Europa, Middle Eastern Dancer
My introduction to belly dancing was through a high school pal Rebaba (Habi Ru). Her insistence was that I "Come to class, its really fun."
Two bus lines led to a small studio in San Franciscos Pacific Heights. Opening the door was a different world of girls and women wearing Bedouin jewelry, pantaloons, scarves, two deep in a circle at whose center was Jamila Salimpor.
After 2 years apprenticeship I joined her Bal Anat Dance Troupe, featured at the Northern California Renaissance Faire, playing finger cymbals and holding the banner until Jamila gave me the name Karma and made me one of the pink ladies doing an undulation dance. Our mentor was Katrina Borda whose specialty was the bicycle step down to the ground, rising upright again like a goddess. Jamilas insistence on learning the fundamentals, including finger cymbals and carefully researched costuming was a major contrast to other teachers of the time, many of whom just made things up, according to some bizarre Hollywood/metaphysical hippie fantasy.
In 1972 I turned professional, starting out Monday nights at Broadways (San Francisco) Baghdad Cabaret to the virtuoso oud playing of George Elias, and later his brother Jad. Three shows a night with two other dancers to live music was the best training possible, I was hooked. With the Casbah two doors down, and the Greek Taverna around the corner, San Francisco was a wonderful opportunity to learn Arabic music and dance. What shaped my dancing indelibly was dancing for Middle Eastern audiences and picking up steps and hand movements from people .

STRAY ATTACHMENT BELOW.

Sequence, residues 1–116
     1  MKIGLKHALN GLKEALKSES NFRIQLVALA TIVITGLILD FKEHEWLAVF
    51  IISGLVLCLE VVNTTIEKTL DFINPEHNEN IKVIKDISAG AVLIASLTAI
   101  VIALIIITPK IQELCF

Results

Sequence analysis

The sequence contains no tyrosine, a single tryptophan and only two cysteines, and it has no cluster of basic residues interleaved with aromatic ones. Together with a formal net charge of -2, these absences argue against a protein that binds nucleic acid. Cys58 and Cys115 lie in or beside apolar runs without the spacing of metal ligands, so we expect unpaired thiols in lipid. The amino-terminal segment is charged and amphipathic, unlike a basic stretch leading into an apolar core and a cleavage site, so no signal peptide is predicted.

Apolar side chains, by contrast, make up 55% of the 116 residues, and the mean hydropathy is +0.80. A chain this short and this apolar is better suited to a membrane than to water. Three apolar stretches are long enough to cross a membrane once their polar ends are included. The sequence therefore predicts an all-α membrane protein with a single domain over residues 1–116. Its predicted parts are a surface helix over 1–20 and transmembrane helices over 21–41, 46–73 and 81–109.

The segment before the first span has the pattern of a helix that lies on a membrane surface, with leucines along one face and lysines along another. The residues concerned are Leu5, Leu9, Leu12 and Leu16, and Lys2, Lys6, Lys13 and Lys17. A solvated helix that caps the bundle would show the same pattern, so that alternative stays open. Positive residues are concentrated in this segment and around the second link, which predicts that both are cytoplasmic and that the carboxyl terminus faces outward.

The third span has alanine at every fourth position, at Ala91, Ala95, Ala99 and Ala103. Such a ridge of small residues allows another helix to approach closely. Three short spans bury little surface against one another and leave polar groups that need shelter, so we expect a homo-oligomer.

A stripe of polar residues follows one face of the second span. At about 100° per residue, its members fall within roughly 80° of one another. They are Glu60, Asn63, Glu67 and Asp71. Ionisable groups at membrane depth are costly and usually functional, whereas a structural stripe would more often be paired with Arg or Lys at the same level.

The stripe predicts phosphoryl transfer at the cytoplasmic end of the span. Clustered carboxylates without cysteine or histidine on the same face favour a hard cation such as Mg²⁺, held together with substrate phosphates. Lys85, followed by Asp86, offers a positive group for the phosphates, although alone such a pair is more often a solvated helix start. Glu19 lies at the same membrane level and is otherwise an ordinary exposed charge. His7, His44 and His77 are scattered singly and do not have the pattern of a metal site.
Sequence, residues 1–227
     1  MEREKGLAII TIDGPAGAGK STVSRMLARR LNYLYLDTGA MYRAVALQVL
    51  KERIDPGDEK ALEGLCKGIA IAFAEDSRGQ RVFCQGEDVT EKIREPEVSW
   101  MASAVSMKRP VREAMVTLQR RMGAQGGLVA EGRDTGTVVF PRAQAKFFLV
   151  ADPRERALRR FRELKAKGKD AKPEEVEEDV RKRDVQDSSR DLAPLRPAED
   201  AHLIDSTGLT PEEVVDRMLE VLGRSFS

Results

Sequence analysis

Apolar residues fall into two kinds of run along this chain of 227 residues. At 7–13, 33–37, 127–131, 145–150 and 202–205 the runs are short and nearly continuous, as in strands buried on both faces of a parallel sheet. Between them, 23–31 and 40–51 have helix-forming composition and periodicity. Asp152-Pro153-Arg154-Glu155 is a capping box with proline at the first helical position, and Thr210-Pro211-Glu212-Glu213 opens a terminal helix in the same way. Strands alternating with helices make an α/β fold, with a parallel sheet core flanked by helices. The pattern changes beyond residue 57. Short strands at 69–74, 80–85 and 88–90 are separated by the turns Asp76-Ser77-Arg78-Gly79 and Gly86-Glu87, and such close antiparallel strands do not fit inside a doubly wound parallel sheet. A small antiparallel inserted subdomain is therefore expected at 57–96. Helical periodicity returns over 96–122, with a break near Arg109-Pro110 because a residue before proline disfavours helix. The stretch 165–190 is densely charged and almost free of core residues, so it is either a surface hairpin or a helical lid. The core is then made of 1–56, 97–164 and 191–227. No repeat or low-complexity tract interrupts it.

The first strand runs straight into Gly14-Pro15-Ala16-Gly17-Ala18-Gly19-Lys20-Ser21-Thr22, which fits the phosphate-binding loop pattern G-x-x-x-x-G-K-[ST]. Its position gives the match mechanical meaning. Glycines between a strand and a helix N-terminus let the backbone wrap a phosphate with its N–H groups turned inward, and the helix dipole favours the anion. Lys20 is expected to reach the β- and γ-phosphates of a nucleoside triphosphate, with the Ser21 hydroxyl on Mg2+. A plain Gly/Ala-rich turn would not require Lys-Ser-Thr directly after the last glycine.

Coming to Southern California in the early 80s, Hollywood was a Mecca of clubs that featured live music and dancers. In San Francisco the band usually consisted of dumbek, oud or violin, flute, and a singer. When I was at the Sahara in Hollywood, the music was a 9 piece orchestra, two famous Lebanese singers, and a Persian acrobatic troupe! Sahara catered to Saudis, and tips were showered over performers heads, so much so that a man with a silver tray stood by the stage to sweep up the paper money so you wouldnt slip and fall. The shows would change about every 2 months, and I had the opportunity of working at Khayam, Ali Babas, KoKos and on nights off there was the Fez, Cabaret Tehran, and many more going 7 nights a week. After work all the dancers and musicians had breakfast at Darwish in East LA and after eating, the jam session would start. At 3 in the am we still wanted to play music and dance for ourselves. The scene at that time was very friendly, maybe because there were plenty of jobs. As the club scene slowed, I began to get work in films, and music videos, as varied as George Clinton, Cypress Hill, appearing in General Hospital, and Night Court, as well as starting to teach.
More recently after reconnecting with the talented drummer Salah Takesh and Joskun Tamer (the creator of the Middle Eastern Dance Camp) I performed to the wonderful Turkish music of Anatolia at the eclectic West Hollywood club, Luna Park for 4 years, as well as playing finger cymbals with them on Santa Monicas KCRW radio station. Through Joshkun I met the wonderful musician Omar Faruk Tekbilek and his sweet wife and one of my favorite dancers, Suzi. They have honored my home with many great musical parties.
Last year E Channels Fashion Emergency showed a piece on my transition from dancer to entrepreneur of my jewelry line. I had no idea all that time ago how much of an affect the Dance would have on my life. Of course I wouldnt have changed a thing.